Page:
Of late, India’s cow vigilante groups have become more active. Despite a widespread condemnation after a 50-year-old Muslim man was lynched for ‘storing beef’ in his home in Dadri, Uttar Pradesh, these groups carry out their operations unabated.
Recently, four Dalit youth in Una, Gujarat and two Muslim women in Madhya Pradesh were thrashed by such groups, sparking protests from the Dalit community in Gujarat.
Allison Joyce/Getty Images went out with one such group in Rajasthan to get a sense of their working style.
Members of a cow vigilante group out on a patrol in the hopes of stopping vehicles of cow smugglers in Ramgarh, Rajasthan. The local cow vigilante group, headed by Nawal Kishore Sharma, is one of dozens of such groups operating across India. The members do various day jobs such as teachers, lawyers, marble sculptors, politicians and by night they patrol on watch for smugglers illegally transporting cows for sale and slaughter. Many also work at the cow shelters where the rescued cows are taken.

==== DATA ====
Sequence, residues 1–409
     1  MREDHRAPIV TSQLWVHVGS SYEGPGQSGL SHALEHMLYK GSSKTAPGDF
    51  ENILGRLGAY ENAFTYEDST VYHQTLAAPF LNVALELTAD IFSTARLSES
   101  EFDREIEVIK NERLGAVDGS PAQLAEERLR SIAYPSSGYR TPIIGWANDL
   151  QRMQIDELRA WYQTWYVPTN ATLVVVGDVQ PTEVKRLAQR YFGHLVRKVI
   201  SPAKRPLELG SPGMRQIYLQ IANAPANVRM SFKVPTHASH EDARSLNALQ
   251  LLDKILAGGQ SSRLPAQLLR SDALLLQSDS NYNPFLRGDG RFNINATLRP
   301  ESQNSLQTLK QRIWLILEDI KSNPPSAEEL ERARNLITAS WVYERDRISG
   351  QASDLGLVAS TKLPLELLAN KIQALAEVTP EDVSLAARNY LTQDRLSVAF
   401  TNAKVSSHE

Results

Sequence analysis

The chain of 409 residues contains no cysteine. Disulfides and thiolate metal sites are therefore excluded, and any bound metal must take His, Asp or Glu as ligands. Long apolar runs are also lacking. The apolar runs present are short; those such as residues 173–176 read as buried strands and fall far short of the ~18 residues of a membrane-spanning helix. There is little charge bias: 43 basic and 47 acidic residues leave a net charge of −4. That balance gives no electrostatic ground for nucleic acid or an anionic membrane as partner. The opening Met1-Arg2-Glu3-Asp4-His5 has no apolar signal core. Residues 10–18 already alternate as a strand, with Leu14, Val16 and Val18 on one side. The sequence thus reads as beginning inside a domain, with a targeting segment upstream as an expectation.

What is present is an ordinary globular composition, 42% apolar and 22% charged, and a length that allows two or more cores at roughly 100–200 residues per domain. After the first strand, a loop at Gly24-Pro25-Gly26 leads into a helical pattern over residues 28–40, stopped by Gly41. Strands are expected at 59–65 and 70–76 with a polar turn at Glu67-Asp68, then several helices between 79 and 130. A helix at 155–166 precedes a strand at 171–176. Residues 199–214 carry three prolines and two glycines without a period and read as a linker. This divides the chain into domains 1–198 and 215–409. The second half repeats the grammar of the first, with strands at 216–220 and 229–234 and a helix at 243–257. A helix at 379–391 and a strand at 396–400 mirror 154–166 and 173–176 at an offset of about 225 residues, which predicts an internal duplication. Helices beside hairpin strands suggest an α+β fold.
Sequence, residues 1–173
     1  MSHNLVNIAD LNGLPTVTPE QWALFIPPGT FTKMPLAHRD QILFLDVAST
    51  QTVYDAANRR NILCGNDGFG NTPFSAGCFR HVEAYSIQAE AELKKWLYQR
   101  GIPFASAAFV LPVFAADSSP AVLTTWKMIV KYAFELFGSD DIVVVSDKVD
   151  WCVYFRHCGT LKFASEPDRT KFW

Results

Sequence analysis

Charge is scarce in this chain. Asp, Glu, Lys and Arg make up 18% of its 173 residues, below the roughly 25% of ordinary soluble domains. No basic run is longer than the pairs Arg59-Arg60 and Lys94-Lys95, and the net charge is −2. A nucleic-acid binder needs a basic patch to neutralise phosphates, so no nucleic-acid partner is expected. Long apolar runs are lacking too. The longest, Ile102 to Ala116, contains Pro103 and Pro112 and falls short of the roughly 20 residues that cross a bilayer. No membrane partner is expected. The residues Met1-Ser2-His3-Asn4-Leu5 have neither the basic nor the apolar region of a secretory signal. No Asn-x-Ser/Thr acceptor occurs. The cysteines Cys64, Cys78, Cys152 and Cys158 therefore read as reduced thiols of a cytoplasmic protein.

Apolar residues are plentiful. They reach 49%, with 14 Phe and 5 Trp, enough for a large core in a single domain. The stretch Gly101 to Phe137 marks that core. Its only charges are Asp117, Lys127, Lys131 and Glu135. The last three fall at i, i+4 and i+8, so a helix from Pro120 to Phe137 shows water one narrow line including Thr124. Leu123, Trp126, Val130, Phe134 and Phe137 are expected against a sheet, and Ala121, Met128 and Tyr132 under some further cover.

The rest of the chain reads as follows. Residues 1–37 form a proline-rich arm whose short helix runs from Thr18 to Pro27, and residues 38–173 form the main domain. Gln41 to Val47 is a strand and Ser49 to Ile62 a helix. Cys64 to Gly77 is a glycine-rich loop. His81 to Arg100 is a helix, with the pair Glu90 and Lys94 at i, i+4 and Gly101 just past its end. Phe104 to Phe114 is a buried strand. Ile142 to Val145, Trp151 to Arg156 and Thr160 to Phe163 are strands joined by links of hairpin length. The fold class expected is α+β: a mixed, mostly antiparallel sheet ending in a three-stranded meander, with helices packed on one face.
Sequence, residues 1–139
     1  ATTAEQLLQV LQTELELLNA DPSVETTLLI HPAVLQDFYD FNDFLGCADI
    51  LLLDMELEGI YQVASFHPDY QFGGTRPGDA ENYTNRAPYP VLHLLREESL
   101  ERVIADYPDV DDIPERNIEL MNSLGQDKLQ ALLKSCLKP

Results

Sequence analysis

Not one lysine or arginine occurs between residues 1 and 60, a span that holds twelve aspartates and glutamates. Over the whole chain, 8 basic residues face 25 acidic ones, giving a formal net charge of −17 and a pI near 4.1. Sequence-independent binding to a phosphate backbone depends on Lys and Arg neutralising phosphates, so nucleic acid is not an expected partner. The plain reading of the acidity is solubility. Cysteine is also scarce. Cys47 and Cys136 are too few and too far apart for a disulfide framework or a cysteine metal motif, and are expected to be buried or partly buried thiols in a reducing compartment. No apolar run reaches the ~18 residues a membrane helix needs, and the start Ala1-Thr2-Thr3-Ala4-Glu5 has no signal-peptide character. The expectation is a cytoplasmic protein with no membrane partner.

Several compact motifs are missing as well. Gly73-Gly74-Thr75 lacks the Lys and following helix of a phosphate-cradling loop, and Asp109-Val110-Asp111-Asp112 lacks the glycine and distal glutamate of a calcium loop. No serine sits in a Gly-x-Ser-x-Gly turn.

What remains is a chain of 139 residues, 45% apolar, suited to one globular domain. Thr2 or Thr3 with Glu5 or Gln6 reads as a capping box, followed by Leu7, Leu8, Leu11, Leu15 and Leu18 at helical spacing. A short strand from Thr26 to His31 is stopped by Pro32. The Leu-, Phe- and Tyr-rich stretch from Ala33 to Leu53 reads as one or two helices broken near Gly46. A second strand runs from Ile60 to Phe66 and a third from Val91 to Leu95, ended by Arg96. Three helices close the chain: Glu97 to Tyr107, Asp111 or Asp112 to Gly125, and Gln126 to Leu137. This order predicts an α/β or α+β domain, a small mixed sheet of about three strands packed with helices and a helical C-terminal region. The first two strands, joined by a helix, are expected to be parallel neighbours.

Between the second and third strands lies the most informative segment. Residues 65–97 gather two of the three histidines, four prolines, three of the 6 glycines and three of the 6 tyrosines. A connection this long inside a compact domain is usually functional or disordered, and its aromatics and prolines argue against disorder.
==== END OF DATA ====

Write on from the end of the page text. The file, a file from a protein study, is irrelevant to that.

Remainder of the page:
They place stones on the road to block vehicles of cow smugglers and stand around them, waiting for their target.
The cow vigilante group sometimes also uses a self-made bed of nails to stop the vehicles.
Members of Nawal Kishore Sharma’s group free cows from the back of a truck that the group chased down. The driver fled and disappeared into the forest and around a dozen cows were found in the back of the truck.
Cows injured during the operation are treated at rescue shelters. The group’s head Sharma is seen gesturing as a cow is being sent for medical treatment at one such shelter.
The members of the vigilante group almost always get tip-offs about possible cow smugglers in the area on their mobile phones.
Acting on the tip-offs, the cow vigilantes go out on patrols with arms to catch the smugglers.
Cops also thank and congratulate the vigilante group on its success. A policeman is seen hugging Sharma after his group chased down a truck that was smuggling cows in Ramgarh.
Cows rescued from smugglers are kept at rescue shelters.